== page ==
2. Walls were removed from kitchen, dining room and living room for sense of spaciousness, and increase air circulation.
  3. The open design allows for a kitchen, dining area and reading / media or family room on one level.
  4. Ceilings were raised in two areas to give the rooms a sense of greater volume.
  5. Energy heels were added to the outside wall areas where the ceiling meets the walls to increase insulation capacity in an area that would normally have little or no insulation.  This theme was carried throughout the house with the use of enclosing soffits.
  6. Ceiling fans added to create fresh air breeze - reducing need for AC - and to circulate hot air trapped in ceiling areas.
  7. Kitchen cabinets are custom-made by Damschen Wood using locally sourced, no-VOC materials and built in a shop that manages resources in a very "green" fashion.
  8. Air duct has been added to the area behind the refrigerator to increase airflow around appliance, which will increase its efficiency and keep the coils cleaner.
  9. Efficient appliances include an induction system stovetop by Wolf and a steamer for fresh vegetables. Other appliances are EnergyStar rated.  A vent hood with outside venting is added over the oven and stove to ensure clean air in the house in the event of cooking fumes or smoke.
  10. The existing hardwood flooring is being repaired using materials from a deconstructed home.
Master Bedroom Suite
  1. Bedroom wall bumped out with a cantilever and new window space added.
  2. Bathroom similar to others in technology with the exception of the standard height of toilet.
  3. Bathroom floor has low-voltage electric heat for energy efficiency - with the added benefit of eliminating mold growth.
  4. All bathrooms have outside venting.
  5. Solatube ™ has been added to master bedroom hall for natural lighting.
  6. Ceiling fan added for air circulation.
  7. New closet is walk-in style with built in drawers and organizers from California Closets, made with green materials.  Windows in closet open to allow for fresh air ventilation of clothing and allow natural light to eliminate odors.  
  8. All floors are original hardwoods or new ceramic made of recycled materials.
  9. Bedroom is wired for sound and EMF-managed.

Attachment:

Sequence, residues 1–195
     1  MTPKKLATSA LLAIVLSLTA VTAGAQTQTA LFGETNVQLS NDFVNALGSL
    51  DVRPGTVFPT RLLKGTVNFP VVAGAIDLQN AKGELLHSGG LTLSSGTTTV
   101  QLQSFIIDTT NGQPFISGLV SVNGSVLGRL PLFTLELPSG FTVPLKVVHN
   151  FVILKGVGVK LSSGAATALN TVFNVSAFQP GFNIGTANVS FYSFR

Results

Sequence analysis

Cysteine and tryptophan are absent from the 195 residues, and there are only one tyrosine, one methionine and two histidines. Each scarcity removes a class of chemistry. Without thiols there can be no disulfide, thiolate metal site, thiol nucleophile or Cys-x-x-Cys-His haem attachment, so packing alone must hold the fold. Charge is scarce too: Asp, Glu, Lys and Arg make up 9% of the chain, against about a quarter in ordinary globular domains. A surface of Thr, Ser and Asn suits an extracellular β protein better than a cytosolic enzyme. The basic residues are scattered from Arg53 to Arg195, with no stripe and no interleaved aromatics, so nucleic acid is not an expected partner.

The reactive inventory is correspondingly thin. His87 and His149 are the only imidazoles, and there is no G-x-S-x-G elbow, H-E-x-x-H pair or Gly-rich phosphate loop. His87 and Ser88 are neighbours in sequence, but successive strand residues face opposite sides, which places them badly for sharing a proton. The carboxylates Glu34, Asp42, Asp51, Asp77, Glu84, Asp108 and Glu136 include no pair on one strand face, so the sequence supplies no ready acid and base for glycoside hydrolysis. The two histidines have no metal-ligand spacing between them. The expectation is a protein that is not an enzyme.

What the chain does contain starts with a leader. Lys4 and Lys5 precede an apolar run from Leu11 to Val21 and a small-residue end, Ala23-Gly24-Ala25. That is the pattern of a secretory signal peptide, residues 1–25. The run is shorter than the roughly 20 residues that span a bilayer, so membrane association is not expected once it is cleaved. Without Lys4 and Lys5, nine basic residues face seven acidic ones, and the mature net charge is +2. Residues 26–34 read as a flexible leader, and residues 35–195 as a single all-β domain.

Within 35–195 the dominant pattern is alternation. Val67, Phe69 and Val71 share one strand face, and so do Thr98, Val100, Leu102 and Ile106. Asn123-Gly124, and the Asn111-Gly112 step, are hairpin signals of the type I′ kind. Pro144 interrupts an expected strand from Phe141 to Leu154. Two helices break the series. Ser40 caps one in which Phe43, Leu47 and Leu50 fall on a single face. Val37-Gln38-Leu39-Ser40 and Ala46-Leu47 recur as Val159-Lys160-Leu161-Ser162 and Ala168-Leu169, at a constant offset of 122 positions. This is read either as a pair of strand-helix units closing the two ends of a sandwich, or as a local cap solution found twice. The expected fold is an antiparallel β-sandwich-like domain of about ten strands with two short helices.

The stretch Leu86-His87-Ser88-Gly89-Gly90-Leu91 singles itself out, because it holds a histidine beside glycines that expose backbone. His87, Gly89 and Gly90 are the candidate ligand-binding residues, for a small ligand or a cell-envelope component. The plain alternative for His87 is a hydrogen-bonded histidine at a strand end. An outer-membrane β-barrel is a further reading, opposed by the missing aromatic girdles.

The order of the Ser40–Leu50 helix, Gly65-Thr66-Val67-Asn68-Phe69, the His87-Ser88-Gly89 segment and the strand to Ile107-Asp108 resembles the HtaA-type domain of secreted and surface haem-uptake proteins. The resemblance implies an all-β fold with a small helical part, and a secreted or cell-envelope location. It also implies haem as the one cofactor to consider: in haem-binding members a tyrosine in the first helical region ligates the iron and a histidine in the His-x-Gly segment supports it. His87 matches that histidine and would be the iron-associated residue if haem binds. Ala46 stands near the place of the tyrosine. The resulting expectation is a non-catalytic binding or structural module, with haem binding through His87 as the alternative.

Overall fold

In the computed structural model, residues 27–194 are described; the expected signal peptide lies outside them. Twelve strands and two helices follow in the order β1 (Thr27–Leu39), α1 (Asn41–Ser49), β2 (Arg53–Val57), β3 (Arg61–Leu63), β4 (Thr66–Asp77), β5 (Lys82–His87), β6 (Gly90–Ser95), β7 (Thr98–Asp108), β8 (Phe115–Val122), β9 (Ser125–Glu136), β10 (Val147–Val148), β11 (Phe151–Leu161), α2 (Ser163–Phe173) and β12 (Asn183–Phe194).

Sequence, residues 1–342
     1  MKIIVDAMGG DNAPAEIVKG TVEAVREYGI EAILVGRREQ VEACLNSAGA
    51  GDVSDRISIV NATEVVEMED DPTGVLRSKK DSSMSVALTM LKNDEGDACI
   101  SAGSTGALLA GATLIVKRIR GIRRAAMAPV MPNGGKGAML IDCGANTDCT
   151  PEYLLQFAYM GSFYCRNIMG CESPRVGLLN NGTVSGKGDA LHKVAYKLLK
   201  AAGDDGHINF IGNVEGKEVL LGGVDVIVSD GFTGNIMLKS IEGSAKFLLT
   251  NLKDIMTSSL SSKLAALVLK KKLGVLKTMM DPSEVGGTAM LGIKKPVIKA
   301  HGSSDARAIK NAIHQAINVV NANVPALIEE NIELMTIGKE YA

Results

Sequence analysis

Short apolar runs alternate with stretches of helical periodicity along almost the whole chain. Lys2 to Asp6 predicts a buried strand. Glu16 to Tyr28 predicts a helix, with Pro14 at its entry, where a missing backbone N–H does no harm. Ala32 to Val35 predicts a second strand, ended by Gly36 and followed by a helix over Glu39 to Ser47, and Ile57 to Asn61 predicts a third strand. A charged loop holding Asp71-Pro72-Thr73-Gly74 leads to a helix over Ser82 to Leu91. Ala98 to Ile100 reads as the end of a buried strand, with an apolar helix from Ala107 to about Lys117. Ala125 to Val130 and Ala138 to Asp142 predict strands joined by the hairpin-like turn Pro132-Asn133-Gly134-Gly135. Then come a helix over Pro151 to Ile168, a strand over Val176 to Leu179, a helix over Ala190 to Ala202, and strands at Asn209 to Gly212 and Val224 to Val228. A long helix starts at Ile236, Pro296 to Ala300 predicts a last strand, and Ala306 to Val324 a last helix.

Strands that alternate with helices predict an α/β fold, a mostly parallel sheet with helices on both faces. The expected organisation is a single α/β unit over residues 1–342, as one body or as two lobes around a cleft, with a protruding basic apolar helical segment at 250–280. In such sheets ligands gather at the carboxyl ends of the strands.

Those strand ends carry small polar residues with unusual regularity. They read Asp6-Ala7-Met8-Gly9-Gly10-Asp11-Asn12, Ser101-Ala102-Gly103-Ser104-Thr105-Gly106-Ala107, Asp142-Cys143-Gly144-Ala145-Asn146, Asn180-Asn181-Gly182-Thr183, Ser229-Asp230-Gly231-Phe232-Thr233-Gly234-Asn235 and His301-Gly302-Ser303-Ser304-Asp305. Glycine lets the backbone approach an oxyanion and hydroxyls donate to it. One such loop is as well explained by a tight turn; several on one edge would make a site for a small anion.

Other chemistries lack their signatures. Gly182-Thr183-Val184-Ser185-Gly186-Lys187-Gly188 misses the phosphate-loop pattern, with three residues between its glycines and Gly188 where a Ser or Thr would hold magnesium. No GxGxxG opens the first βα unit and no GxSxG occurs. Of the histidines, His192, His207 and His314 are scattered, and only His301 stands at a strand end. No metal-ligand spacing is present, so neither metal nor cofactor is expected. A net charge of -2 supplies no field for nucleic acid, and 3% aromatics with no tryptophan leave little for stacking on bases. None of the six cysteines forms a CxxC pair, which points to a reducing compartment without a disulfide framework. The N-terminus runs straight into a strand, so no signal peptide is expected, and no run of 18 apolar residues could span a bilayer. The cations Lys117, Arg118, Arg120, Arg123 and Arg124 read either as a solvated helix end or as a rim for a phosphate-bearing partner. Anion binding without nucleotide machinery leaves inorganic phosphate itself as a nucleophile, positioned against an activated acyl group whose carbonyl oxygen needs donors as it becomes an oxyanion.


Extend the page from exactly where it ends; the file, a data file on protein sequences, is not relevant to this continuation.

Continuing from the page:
New Front Entryway

The new entryway was designed to meet several purposes.  We needed code-compliant access to our basement; wanted to enclose the existing fireplace for heat conservation; needed more natural light; wanted a clothes closet; needed a lower level technology room for sustainable energy systems -- and the aesthetic value to the redesigned exterior was attractive.

  1. The ceiling height is higher than that in adjacent areas, giving the rest of the home an illusion of high ceilings.
  2. The door and new exterior walls are high in R-value, reducing loss of heated and cooled air.   
  3. New windows bring light into the lower level.  
  4. Steps are designed with future chair-lift installation in mind.
  5. Lighting controls for the stairs are automatic when a sensor is stepped on, reducing accident potential for children and elderly occupants.
Basement Living Spaces
  1. Two lower-level bedrooms were added.  One has a walk-in closet, and is connected to the full-bath.
  2. Both bedrooms have large egress and daylight window-wells.
  3. One bedroom is designed for use as a home office, and connects to a larger area used for storage or as a project room.
  4. The basement bedroom has a Solatube "skylight" for natural light.
  5. Walls between the project room and office space have interior windows facing the media room, allowing more light to flow between spaces and giving a sense of more space. 
  6. Shaw recycled fiber carpet installed in the media room and on stairs.
  7. The floors are sprayed with a non-toxic natural sealer to prevent water intrusion.  
  8. The ceilings have sound-deadening baffles and spray foam to reduce noise.
  9. A radon mitigation system is installed in the lower level, eliminating a major drawback of lower-level living.
  10. The countertops in project room are made of sustainable, compressed paper; cabinets are reclaimed from a retail store.
  11. The basement is fully-wired for a media center and for Internet access.  When the TV goes on the sound comes up and the lights go down.
  12. Most lighting is on sensor switches.
Technology Room
    1. All energy in the house is sustainable, and none of the electicity comes from coal-fired generation; natural gas is the back-up energy source.
    2. Our WaterFurnace™ geothermal system fitted under the stairs provides all AC needs.  It can also supply heat if required. 
    3. Two water heaters in the space: one connected to solar panels; the other to a utility back-up.
    4. A Culligan water softener and water filter system aid water management.
    5. A Climate Air/Honda electric co-generation system is installed to provide both electricity and heat.  Natural gas enters an electric generator, the heat is removed and put into a constant-flow furnace, providing both heat and electricity for the same value.
    6. Low voltage and Internet connections are housed here; this separation from the high voltage system is useful for both safety and management.
    7. The technology in the house is connected to an Internet website that monitors energy usage and provides for public access how the systems perform.

    Crawl Space

    1. A finished crawl space beneath the garage houses the air exchange system; this space can be used for future technology, and for storage of food or other materials.